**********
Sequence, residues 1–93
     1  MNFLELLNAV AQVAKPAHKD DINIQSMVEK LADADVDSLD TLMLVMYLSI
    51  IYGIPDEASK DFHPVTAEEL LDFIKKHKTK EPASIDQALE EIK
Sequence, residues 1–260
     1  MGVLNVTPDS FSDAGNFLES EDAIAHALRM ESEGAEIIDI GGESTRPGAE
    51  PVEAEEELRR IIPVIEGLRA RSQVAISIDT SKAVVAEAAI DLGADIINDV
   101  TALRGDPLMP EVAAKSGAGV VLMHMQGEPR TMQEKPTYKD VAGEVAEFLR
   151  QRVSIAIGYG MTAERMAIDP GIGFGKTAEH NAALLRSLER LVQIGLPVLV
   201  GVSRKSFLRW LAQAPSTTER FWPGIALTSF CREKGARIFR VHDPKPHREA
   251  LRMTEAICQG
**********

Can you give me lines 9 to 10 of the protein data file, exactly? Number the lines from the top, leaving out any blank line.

   201  GVSRKSFLRW LAQAPSTTER FWPGIALTSF CREKGARIFR VHDPKPHREA
   251  LRMTEAICQG